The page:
Leigh Bardugo is stepping out of the Grishaverse and the YA genre for the first time with her new Alex Stern duology, which explores secret societies and the occult through the eyes of an unlikely participant.
The book is labeled as “Adult” despite having a 20-year-old protagonist, but that’s likely because of the very strict connotations that have been pinned to the “New Adult” genre.
Check out the book cover, a lengthy description, and a new excerpt, all of which come courtesy of Entertainment Weekly:
“Galaxy ‘Alex’ Stern is the most unlikely member of Yale’s freshman class. Raised in the Los Angeles hinterlands by a hippie mom, Alex dropped out of school early and into a world of shady drug-dealer boyfriends, dead-end jobs, and much, much worse. In fact, by age 20, she is the sole survivor of a horrific, unsolved multiple homicide. Some might say she’s thrown her life away. But at her hospital bed, Alex is offered a second chance: to attend one of the world’s most prestigious universities on a full ride. What’s the catch, and why her? Still searching for answers to this herself, Alex arrives in New Haven tasked by her mysterious benefactors with monitoring the activities of Yale’s secret societies. Their eight windowless ‘tombs’ are the well-known haunts of the rich and powerful, from high-ranking politicos to Wall Street’s biggest players. But their occult activities are more sinister and more extraordinary than any paranoid imagination might conceive. They tamper with forbidden magic. They raise the dead. And, sometimes, they prey on the living.”
By the time Alex managed to get the blood out of her good wool coat, it was too warm to wear it. Spring had come on grudgingly; pale-blue mornings failed to deepen, turning instead to moist, sullen afternoons, and stubborn frost lined the road in high, dirty meringues. But sometime around mid-March, the slices of lawn between the stone paths of Old Campus began to sweat themselves free of snow, emerging wet, black, and tufty with matted grass, and Alex found herself notched into the window seat in the rooms hidden on the top floor of 268 York, reading Suggested Requirements for Lethe Candidates.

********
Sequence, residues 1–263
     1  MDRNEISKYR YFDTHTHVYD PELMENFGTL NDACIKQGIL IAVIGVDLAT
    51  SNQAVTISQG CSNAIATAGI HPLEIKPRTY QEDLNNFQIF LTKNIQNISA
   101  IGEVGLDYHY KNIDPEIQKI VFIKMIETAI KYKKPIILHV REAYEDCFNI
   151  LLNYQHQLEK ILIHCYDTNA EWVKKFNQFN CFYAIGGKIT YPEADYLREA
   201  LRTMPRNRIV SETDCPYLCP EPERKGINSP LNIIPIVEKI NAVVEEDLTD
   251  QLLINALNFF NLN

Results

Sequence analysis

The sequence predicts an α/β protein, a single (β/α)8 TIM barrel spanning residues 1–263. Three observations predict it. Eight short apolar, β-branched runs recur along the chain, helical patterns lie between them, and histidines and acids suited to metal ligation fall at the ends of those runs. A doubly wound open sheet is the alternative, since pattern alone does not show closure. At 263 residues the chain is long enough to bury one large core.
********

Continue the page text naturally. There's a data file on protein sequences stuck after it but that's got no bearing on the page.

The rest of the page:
She heard the clock on the mantel tick, the chiming of the bell as customers came and went in the clothing store below. The secret rooms above the shop were affectionately known as the Hutch by Lethe members, and the commercial space beneath them had been, at varying times, a shoe store, a wilderness outfitter, and a twenty-four-hour WaWa mini-mart with its own Taco Bell counter. The Lethe diaries from those years were filled with complaints about the stink of refried beans and grilled onions seeping up through the floor—until 1995, when someone had enchanted the Hutch and the back staircase that led to the alley so that they smelled always of fabric softener and clove.
Alex had discovered the pamphlet of Lethe House guidelines sometime in the blurred weeks after the incident at the mansion on Orange. She had checked her email only once since then on the Hutch’s old desktop, seen the long string of messages from Dean Sandow, and logged off. She’d let the battery run down on her phone, ignored her classes, watched the branches sprout leaves at the knuckles like a woman trying on rings. She ate all the food in the pantries and freezer—the fancy cheeses and packs of smoked salmon first, then the cans of beans and syrup-soaked peaches in boxes marked emergency rations. When they were gone, she ordered takeout aggressively, charging it all to Darlington’s still-active account. The trip down and up the stairs was tiring enough that she had to rest before she tore into her lunch or dinner, and sometimes she didn’t bother to eat at all, just fell asleep in the window seat or on the floor beside the plastic bags and foil-wrapped containers. No one came to check on her. There was no one left.